So, you’re starting a new small business or side hustle. First of all, that’s super exciting! Go you. It takes a lot of motivation to get that point. Maybe you’ve realized that one of the first steps you need to take is to think about your online presence, and get a website. As you get started, you may be confused by all the lingo and new things to learn in the big, big world of website creation. I know it’s a lot. But I promise you can handle it. Let’s get started by learning a few basics. This post will focus on web hosting explained for beginners, and after that we’ll get into domains, CMSs and all sorts of fun stuff! Don’t be anxious. Take your time as you work your way through this process. And you can always comment below or contact me with questions 😁Without further ado, here’s web hosting explained quick and easy:
Where does a website live?
Websites are made up of lots of parts. Think of your website like a house, but instead of bricks, wood and plaster, the parts of a website are things like pictures, text, and files filled with code (don’t worry–that doesn’t mean you have to write code to build one). This data all has to live somewhere—that’s where your web host comes in. So if your website is a house, the web host is like the plot of land where the house sits.
So then a web hosting company is like a real estate company, selling spots for websites to go. A web hosting company owns a bunch of computers called servers that do nothing but hold data and “serve” it to other computers when needed.
What is a server?
A server is just a computer, not unlike the desktop computer you might have in your house. Instead of running apps like a personal computer, a server holds data, and is designed and optimized to give data out to other computers (clients) when they request it.
So here’s an example: you type facebook.com into your phone. In this scenario, your phone is the client computer, and all of the data from Facebook is held on Facebook’s servers. Your phone requests the data, and Facebook’s servers send it out so you can see it.
Do I need a server?
If you wanted to, you could buy a computer, configure it to be a server, put your website data on it, and make sure it was always connected to the internet so that your website visitors could access your site all the time. Sound like a lot of work?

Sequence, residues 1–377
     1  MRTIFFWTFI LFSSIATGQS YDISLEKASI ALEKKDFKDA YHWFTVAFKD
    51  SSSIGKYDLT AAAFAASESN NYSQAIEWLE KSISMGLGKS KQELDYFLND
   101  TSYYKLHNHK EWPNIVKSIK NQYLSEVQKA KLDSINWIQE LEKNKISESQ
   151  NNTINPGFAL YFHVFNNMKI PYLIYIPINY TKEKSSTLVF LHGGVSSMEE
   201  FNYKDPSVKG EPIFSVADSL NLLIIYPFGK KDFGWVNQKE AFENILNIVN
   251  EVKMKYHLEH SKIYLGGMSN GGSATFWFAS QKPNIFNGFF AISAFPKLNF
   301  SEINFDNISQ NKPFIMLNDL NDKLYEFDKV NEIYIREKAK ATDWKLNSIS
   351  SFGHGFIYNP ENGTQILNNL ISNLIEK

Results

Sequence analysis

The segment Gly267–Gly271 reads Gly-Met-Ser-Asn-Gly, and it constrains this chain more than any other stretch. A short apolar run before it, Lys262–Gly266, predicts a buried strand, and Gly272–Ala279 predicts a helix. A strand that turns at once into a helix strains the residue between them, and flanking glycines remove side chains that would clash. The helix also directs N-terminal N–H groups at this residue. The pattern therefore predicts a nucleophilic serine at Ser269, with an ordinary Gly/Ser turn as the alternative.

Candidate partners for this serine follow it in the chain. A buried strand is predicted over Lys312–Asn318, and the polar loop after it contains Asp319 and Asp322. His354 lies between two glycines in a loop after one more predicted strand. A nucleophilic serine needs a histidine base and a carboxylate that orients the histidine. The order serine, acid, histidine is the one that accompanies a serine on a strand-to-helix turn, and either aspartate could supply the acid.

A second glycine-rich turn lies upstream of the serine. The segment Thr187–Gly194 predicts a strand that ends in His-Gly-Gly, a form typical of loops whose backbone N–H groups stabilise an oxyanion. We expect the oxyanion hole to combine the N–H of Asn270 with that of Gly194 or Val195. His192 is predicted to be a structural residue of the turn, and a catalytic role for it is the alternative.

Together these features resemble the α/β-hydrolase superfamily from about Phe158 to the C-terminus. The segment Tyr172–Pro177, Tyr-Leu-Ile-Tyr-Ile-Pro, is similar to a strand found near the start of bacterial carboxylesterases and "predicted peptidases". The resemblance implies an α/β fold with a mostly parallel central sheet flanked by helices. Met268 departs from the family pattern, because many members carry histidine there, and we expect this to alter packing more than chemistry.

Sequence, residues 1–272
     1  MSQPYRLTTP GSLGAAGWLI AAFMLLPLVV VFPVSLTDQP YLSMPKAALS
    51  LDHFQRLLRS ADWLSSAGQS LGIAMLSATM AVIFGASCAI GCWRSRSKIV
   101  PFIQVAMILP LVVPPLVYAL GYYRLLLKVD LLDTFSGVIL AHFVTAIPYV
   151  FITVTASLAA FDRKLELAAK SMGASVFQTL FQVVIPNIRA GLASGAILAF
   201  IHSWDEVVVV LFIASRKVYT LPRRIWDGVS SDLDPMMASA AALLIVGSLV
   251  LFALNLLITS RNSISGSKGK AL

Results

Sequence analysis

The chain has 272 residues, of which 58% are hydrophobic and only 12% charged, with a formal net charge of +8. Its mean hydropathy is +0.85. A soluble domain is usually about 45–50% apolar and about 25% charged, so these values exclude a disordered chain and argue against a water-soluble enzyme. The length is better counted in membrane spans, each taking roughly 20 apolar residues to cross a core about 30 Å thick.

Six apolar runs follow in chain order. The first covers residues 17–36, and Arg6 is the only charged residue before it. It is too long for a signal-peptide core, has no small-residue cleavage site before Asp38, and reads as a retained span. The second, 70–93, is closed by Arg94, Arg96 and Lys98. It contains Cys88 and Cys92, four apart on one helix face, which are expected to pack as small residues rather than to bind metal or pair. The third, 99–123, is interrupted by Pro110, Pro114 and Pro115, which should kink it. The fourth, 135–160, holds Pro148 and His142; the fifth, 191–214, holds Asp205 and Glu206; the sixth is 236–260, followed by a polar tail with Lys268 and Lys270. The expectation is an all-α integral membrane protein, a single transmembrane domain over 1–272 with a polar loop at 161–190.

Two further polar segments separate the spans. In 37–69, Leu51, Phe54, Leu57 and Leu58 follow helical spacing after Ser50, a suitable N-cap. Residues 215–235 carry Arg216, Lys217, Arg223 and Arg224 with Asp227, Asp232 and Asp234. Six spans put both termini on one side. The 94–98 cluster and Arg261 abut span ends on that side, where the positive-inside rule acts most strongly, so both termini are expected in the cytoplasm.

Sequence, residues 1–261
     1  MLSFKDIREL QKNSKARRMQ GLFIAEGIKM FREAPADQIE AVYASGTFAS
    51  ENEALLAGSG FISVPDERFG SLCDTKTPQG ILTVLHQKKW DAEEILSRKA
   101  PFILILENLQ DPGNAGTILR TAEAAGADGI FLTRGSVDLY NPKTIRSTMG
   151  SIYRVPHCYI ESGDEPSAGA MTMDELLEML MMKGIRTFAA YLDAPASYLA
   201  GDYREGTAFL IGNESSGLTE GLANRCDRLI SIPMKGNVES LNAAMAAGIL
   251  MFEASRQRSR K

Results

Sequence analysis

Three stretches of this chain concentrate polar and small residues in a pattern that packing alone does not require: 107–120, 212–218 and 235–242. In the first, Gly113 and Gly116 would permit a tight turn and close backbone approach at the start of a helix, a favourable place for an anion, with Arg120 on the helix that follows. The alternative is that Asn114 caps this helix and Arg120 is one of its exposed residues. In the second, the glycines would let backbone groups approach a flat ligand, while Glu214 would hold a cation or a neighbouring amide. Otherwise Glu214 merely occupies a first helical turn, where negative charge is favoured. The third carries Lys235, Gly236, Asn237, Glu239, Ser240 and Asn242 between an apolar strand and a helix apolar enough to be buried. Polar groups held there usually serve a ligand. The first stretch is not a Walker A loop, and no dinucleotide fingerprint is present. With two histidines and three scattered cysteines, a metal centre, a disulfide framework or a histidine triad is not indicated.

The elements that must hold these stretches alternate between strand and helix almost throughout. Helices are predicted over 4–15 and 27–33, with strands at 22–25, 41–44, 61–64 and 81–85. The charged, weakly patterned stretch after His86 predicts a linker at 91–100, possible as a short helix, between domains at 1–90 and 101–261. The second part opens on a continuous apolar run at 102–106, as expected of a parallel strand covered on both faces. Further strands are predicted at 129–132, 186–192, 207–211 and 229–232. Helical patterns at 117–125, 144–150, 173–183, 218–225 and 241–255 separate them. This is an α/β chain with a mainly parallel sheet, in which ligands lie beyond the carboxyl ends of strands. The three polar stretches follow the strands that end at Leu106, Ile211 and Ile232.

That’s why most people hire a hosting company to do this for them. These companies have lots and lots of server space, and you can pay a monthly fee to access some of it to hold your website.
This is a great solution for several reasons:
- it’s relatively inexpensive (between $10-$30 a month, depending on what you need).
- you don’t have to worry about upkeep or security. Most modern web hosts take care of this for you.
- servers can slow down over time, or they can slow down at different times when traffic is heavy. A good hosting company keeps track of usage and implements plans to optimize speed on your behalf.
- if anything goes wrong, you can contact your hosting company’s support and they can help to sort it out
- many hosts offer extra bells & whistles like site building services, automatic backups, or optional speed improvements called CDNs
Basically, your hosting company are server experts so you don’t have to be.
What hosting company should I use?
There are lots of good web hosts out there. There are two that I use (and recommend to clients). Full disclosure: I’m an affiliate for both of these companies, meaning I’ll get a little kickback for anyone who signs up using the links below. I only join affiliate programs for products I really believe in, I’ve handpicked these two because they are the absolute best hosting companies out there. They are:
Budget Option: SiteGround
SiteGround is the budget option that I recommend. The cheapest plan is around $10 a month, and they usually have a deal to make it even cheaper for your first year. The price is great, the customer service is very responsive and helpful, and it is easy to upgrade your plan as you go if you need to be able to handle more traffic.
My only criticisms of SiteGround are that it is fairly barebones for that starting price. Add-ons like SSL certificate, backup solutions, etc all cost extra. Another thing to consider is that you use your hosting through something called /cPanel/, which is basically a very powerful dashboard that allows you to access your server space, install things, and edit files. cPanel is great, but it’s quite technical and it can be pretty intimidating to newcomers. Be prepared to Google the phrase, “how to do x in cPanel” a lot when you’re starting out.
Click the logo below if you want to sign up with SiteGround:
Cadillac Option: Flywheel
If you are willing to pay a little more, I’ll highly recommend Flywheel hosting. I use them almost exclusively for new websites at this point. They have significantly streamlined the process of setting up a new WordPress website.
Currently, their hosting packages start at $14 a month, and for that you get security, speed, excellent support and tutorial articles, and a free SSL certificate for every site.
Click the logo below if you want to sign up with Flywheel:
So after I have purchased hosting, what’s next?
There’s a few steps you could take next. Probably you’ll want to set up your domain. More on that in the next article.